Johnny Murray

John "Johnny" Murray, the Renton player for all his truncated footballing career apart from the briefest of stays at Dundee, where he never played, should not be confused with John Winning Murray, the Vale of Leven player of a decade earlier. Johnny was born in 1874 in Renton and stayed there all his days part from marriage up the road in Alexandria and a short time in Glasgow. He was the son of a locally-born mason and an English-born mother, worked as an engineer-fitter, first on sewing-machines, then in the ship-yards and latterly at Babcocks and Wilcox and was from 1891, aged seventeen, an inside-forward with the village team. In terms of age he was a contemporary of Jack Pryce, who went on to play for Hibernian and down South, but, growing up on Back St. he had the McLeans to one side and, as well as Pryce, Johnny Campbell and Jack McNee to the other. However, whilst these others went on to play until they were give-or-take thirty illness brought Murray's to an end at twenty-three. In spite of being a strict tea-totaller playing-fitness never recovered and at fifty-nine he was to die relatively young.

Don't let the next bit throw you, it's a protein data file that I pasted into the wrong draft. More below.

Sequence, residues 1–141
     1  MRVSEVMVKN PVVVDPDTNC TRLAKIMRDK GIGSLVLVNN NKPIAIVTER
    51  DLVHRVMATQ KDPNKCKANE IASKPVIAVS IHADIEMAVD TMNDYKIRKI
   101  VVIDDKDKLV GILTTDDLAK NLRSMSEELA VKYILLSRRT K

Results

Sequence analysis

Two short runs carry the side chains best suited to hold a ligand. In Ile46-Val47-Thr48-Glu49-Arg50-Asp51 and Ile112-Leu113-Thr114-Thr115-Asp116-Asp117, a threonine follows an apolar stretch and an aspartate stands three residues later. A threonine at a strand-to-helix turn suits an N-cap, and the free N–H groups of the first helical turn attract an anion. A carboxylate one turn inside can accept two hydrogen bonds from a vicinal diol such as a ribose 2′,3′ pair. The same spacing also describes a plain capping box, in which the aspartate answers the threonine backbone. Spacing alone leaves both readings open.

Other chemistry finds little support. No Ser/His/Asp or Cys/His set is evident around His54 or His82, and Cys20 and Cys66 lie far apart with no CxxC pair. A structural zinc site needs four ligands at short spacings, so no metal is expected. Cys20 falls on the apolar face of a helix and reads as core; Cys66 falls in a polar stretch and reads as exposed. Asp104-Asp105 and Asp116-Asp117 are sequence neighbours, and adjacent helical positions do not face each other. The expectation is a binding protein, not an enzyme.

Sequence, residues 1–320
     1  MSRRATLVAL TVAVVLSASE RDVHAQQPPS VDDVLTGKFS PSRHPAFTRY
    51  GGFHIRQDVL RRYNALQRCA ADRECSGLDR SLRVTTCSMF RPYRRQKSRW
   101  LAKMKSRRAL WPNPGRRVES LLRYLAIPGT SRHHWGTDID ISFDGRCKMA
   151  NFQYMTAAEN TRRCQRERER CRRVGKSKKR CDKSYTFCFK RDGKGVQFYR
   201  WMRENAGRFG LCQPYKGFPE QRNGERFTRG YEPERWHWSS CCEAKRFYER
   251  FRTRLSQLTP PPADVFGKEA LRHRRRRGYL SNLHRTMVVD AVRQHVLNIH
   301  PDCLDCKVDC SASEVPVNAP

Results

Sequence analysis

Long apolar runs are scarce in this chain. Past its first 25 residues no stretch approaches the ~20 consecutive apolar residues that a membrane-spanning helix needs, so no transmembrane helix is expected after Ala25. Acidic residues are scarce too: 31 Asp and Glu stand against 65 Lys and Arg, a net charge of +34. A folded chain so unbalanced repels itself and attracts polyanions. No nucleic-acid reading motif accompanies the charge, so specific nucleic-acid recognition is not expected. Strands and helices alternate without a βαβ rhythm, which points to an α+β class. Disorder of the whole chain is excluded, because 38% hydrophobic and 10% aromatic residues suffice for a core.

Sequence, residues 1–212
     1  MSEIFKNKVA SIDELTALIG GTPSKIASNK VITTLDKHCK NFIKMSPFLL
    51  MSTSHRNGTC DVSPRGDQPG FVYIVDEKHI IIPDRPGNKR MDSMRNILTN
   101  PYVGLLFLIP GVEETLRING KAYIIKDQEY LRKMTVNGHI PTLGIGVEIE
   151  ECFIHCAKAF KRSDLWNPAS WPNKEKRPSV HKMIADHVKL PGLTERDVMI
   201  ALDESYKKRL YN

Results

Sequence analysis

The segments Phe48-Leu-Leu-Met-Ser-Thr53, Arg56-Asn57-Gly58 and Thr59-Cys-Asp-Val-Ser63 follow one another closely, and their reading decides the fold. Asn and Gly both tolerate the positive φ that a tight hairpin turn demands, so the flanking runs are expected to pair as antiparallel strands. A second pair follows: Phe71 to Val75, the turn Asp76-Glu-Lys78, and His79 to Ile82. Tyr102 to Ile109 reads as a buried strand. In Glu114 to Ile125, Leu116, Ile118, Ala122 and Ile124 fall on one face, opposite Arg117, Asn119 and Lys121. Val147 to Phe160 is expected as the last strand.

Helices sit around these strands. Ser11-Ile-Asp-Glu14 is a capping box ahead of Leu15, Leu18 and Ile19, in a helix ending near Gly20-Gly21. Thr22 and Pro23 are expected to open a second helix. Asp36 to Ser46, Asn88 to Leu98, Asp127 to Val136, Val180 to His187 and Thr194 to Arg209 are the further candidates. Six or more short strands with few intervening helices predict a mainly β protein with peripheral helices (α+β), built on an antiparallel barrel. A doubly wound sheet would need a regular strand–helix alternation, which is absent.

However, he had had time to make almost a century of appearances for Renton, to play in the losing side in the 1895 Scottish Cup Final alongside Pryce on a day that saw Bonhill's Dan Paton on the other side, and win a Scottish cap, after which he seems seamlessly to have settle back into life in the Vale. In 1900 he wed Catherine Prosser. She was born in Dumbarton, brought up in Renton, they were married in Alexandria, had three children, a daughter and two sons and settled on the now disappeared Carman St..

But later the Murrays had move to Hillfoot and it was from there that he was in 1933 taken into Glasgow Royal Infirmary, there passing away with lung cancer. He was, however, buried in Renton in Milburn Churchyard, survived by Catherine, whose own passing was in 1955, she having spent her last days in Alexandria but also dying in Glasgow at the Western General.    

© Copyright. All rights reserved. 

Any use of material created by the SFHG for this web-site will be subject to an agreed donation or donations to an SFHG appeal. 

We need your consent to load the translations

We use a third-party service to translate the website content that may collect data about your activity. Please review the details and accept the service to view the translations.